Beneficiaries of subsidiary protection

Subsidiary protection is granted to persons who do not qualify as refugees within the meaning of the Geneva Refugee Convention due to a lack of personal persecution in their country of origin, but whose life or integrity would be threatened if they were to return to their country of origin. They are therefore not entitled to asylum, but are granted temporary (renewable) protection in Austria.

People eligible for subsidiary protection have the right to enter, and to reside in, Austria. In particular, they are allowed to live in Austria, have full access to the labour market, and can apply for a foreign national passport if they cannot obtain a passport from their country of origin.

The period during which someone is entitled to subsidiary protection is extended if the requirements for this status are still met when the original protection expires. Under certain circumstances, the time limit can be extended multiple times. When first granted, subsidiary protection is granted for one year. If it is subsequently renewed, it is granted for another two years from the renewal date

It is possible to move from subsidiary protection status to the status of an EU permanent resident if all the relevant conditions are met.

Withdrawal of subsidiary protection

The entitlement to benefit from subsidiary protection has to be withdrawn if the person concerned is not (or no longer) eligible for protection, has made themselves ineligible (see above under asylum), has acquired the nationality of another state, or has moved to another country.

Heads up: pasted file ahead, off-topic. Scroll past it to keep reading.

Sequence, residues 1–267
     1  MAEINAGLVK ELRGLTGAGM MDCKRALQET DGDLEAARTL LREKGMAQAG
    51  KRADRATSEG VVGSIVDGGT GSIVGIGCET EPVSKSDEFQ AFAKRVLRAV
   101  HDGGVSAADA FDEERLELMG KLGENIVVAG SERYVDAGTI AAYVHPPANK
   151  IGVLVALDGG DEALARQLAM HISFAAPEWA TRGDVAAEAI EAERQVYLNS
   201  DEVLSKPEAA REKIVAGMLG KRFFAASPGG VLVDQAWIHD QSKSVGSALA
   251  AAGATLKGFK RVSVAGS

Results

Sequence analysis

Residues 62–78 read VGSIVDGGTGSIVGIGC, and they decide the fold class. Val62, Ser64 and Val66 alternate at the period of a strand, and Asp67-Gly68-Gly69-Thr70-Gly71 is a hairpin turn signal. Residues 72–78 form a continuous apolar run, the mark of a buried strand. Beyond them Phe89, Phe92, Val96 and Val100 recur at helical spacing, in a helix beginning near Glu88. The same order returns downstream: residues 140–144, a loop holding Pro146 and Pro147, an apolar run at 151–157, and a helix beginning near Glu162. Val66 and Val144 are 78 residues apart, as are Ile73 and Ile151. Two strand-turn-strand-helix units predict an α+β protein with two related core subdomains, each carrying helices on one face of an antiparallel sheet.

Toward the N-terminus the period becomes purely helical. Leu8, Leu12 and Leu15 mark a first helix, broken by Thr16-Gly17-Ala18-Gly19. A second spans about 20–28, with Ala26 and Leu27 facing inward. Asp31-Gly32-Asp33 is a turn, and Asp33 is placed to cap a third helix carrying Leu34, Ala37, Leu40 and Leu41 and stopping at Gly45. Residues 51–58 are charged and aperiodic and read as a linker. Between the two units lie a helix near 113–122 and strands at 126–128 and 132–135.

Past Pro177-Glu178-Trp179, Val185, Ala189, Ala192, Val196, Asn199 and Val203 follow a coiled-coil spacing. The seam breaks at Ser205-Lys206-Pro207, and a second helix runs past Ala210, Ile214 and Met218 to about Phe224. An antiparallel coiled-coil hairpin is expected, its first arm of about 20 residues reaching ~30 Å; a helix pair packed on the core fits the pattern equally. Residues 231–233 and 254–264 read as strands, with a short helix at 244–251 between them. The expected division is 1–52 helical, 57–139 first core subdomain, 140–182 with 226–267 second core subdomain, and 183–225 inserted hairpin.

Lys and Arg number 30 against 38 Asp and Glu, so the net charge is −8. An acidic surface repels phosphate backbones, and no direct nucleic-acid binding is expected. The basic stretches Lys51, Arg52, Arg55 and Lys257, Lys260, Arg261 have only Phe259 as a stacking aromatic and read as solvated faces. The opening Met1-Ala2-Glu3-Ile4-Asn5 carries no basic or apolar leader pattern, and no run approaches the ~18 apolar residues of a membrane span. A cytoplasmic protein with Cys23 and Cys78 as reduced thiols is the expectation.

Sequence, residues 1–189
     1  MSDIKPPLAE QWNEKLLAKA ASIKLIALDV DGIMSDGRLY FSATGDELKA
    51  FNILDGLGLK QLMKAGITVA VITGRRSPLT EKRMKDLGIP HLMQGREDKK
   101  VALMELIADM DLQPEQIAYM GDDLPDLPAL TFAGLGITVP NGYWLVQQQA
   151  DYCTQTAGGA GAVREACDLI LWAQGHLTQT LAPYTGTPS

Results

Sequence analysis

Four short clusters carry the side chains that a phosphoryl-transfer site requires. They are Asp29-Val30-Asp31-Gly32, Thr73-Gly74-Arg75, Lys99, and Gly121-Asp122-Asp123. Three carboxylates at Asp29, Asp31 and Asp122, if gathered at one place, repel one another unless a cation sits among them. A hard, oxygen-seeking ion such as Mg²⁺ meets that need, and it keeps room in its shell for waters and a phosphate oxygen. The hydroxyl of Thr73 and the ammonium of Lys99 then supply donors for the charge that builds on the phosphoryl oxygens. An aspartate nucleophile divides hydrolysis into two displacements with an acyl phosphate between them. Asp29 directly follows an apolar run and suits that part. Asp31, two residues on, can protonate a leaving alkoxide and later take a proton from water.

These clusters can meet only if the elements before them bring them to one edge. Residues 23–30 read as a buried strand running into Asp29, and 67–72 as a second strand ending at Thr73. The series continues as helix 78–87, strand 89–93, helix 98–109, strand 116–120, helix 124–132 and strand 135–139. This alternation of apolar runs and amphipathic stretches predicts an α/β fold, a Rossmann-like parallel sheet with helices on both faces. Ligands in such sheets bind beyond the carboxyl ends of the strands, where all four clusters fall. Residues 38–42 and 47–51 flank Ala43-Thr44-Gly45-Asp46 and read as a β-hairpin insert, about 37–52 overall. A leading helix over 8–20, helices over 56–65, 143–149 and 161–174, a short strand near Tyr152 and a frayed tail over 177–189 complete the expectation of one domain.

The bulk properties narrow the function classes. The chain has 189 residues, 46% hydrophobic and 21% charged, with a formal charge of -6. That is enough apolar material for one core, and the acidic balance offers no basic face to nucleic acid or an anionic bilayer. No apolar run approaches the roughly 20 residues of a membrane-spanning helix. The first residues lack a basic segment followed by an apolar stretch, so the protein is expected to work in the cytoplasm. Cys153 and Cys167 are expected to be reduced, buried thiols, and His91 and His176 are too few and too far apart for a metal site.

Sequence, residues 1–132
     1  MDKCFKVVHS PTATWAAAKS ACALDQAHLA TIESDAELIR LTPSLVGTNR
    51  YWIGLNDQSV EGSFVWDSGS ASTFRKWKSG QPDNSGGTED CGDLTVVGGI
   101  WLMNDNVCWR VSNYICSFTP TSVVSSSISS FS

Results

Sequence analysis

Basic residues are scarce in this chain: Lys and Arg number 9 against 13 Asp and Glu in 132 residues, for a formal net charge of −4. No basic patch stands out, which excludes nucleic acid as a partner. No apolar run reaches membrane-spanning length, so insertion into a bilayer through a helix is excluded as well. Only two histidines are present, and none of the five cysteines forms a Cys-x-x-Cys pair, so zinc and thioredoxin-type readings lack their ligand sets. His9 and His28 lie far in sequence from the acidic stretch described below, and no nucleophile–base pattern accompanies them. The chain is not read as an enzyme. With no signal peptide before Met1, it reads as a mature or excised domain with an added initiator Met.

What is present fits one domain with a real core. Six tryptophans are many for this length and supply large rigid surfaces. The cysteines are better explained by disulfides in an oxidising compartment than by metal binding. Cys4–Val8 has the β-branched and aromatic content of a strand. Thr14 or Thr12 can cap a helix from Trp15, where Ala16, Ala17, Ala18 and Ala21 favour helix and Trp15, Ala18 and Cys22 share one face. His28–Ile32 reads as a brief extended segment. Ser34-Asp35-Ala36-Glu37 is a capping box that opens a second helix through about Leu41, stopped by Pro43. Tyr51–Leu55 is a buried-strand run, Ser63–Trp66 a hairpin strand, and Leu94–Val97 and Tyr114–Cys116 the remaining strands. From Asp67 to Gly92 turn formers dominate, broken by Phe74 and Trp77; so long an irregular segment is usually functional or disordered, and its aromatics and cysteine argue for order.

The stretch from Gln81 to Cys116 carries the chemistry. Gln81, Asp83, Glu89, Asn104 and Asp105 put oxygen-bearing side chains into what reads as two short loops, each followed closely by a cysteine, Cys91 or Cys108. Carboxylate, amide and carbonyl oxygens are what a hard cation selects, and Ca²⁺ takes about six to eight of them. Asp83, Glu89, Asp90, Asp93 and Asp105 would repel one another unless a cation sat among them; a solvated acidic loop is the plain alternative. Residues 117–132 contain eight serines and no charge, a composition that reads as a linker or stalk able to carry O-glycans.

Applying to extend a residence permit as a beneficiary of subsidiary protection

You can apply to renew a residence permit while your existing permit is still valid. Applicants will continue to enjoy all their rights as a beneficiary of subsidiary protection until a final decision is made on their application.

If the circumstances that led to subsidiary protection being granted in the first place still apply, the residence permit will be extended for another two years on the basis of a formal decision.

Documents and form

The application to renew a residence permit can be submitted in person or in writing. There are no special formal requirements. If the application is made in person, applicants must present their current ID card showing they are a beneficiary of subsidiary protection.

Competent authority

All Regional Directorates of the Federal Office for Immigration and Asylum (→ BFA)German text

Costs and fees


Unaccompanied minors

For the purposes of the admission and substantive asylum procedures, unaccompanied minor foreign nationals are defined as third-country nationals or stateless persons under the age of 18 who are not accompanied by a parent or other guardian. Special provisions are in place with regard to these children and adolescents. As they are considered more vulnerable, unaccompanied minors are generally accommodated by the federal government in special accommodation (special reception centres) as part of the registration procedure. Special consideration is given to providing them with the best possible care, taking into account the best interests of the child (increased level of care, providing structure during the day, etc.).

During the admission procedure, unaccompanied minors are represented before the relevant authorities by legal advisers at the reception centres where they first arrive. If their application is admissible, they will be represented by the relevant child and youth welfare service of the province where they are staying. As a rule, unaccompanied minors have a period of four weeks in which to appeal decisions of the BFA.

Further links

Legal basis

Certified Translation
Last update: 24 April 2024

Responsible for the content: Federal Ministry of the Interior